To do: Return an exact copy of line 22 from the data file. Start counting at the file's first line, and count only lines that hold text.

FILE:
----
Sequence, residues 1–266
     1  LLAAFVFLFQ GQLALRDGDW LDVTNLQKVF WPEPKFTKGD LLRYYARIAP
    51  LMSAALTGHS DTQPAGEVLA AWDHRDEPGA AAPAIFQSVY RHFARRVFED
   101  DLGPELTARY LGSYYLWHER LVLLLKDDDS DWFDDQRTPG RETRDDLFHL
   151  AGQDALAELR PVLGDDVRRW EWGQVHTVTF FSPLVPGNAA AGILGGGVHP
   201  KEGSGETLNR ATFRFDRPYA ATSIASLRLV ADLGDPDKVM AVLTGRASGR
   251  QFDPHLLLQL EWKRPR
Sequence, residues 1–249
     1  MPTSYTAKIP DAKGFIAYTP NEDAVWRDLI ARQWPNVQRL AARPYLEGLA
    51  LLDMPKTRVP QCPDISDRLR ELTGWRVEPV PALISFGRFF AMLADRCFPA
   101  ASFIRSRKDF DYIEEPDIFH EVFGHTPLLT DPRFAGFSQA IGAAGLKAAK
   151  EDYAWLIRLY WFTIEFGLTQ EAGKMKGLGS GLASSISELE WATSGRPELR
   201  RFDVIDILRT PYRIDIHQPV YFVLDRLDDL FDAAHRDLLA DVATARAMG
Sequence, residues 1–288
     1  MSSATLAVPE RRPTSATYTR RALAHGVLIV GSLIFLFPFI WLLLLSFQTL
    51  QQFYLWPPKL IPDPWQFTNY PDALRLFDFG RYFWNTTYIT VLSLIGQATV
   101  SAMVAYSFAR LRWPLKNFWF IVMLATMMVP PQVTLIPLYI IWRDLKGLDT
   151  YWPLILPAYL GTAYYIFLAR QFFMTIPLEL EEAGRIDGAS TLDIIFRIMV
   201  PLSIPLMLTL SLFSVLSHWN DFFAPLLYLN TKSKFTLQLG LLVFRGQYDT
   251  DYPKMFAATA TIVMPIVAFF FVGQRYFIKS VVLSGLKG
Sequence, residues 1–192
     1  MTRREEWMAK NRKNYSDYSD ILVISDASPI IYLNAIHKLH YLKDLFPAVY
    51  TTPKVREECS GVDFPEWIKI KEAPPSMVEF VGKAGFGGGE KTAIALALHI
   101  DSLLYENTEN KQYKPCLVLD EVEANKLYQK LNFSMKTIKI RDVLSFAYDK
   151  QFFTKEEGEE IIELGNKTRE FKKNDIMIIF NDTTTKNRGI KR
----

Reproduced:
     1  MTRREEWMAK NRKNYSDYSD ILVISDASPI IYLNAIHKLH YLKDLFPAVY